Where do you get your protein? by local accredited dietician/nutritionist, Linda Smillie (BSc, Grad Dip Nut Diet)

Rowena’s IYATO Salad (Click image for recipe)

A well planned vegan diet can easily supply your daily protein needs. Legumes, grains, nuts, seeds, plant-based milks and vegetables are all good sources of protein. However a vegan diet can also fall short in protein if it relies too heavily on fruit (like in some raw vegan diets) or incorporates too many vegan processed foods (confectionary, crisps, biscuits, refined foods).

Protein needs are very individual and are related to factors such as body mass, activity and age. Protein needs are greater if you are pregnant or breastfeeding. There are also some medical conditions that increase your protein needs. Speak to a health professional if you need help working out your protein requirements.

An average weight male will need a minimum of 60g protein per day. Let’s take a closer look at the protein content of some common vegan foods and see how easy it is to achieve this goal.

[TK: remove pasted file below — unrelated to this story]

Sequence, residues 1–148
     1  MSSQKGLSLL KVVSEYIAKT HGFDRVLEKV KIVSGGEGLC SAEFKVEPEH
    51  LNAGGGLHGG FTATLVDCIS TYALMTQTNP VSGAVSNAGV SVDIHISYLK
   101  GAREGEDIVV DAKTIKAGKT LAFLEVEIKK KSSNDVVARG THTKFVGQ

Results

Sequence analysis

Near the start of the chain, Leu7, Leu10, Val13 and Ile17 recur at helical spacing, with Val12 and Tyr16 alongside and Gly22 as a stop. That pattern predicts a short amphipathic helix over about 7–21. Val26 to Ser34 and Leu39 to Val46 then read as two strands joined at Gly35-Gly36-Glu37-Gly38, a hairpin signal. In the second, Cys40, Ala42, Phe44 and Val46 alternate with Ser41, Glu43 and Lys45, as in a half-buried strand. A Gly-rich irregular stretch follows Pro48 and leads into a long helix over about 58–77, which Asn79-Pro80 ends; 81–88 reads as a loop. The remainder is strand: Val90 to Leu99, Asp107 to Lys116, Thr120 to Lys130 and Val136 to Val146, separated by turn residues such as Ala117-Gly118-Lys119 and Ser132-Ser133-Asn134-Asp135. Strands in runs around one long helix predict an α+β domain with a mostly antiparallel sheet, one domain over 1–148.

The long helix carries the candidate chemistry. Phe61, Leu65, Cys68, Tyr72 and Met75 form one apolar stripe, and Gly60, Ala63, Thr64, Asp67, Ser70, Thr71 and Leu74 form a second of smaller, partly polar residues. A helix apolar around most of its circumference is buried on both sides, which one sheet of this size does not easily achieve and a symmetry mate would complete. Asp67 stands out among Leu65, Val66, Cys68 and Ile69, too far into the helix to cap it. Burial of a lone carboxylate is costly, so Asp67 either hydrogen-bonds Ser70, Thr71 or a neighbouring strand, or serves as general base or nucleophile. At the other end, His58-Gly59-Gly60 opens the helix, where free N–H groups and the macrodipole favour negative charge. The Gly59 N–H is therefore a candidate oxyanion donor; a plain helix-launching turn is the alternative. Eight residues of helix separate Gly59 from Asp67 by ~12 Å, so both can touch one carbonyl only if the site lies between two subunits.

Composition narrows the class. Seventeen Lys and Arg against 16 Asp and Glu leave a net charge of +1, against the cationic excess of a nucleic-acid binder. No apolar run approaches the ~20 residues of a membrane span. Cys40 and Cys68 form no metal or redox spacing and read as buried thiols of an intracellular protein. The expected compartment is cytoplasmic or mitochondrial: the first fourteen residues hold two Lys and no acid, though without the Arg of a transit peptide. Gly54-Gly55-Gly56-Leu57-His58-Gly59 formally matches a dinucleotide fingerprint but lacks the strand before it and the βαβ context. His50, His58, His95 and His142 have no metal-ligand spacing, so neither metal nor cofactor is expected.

Food Protein (g)
Tofu (firm) ½ cup = 100g 13
Tempeh ½ cup = 100g 19
Lentils ½ cup cooked 7.8
Chickpeas ½ cup cooked 6.3
Edamame ½ cup 10
Kidney beans ½ cup cooked 7
Soy beans ½ cup 15
Sanitarium Vegie D’light Vegie Roast (120g serve) 20g
Falafels – 3 (50g) 7
Almonds 30g (25 nuts) 6
Cashews 30g (25 nuts) 6
Peanut Butter 1 tbsp 4.5
Hemp seeds ¼ cup 13
Chia seeds 1 tbsp 2.5
Tahini 1 tbsp 3.6
Pumpkin seeds ¼ cup 10
Flaxseeds ¼ cup 7
Soy milk 1 cup 9
Rice Milk 1 cup 1.5
Protein enriched Rice milk 1 cup 3.7
Almond Milk 1cup 1.5
Soy yoghurt 200g tub 3.6
Coconut yoghurt 170g tub 1.4
Amaranth 1 cup cooked 9.4
Oats 1 cup cooked 6
Quinoa 1 cup cooked 8
Brown rice 1 cup cooked 4
Kamut 1 cup cooked 12
Millet 1 cup cooked 6
Vegetables and fruit per ½ cup 0.5-2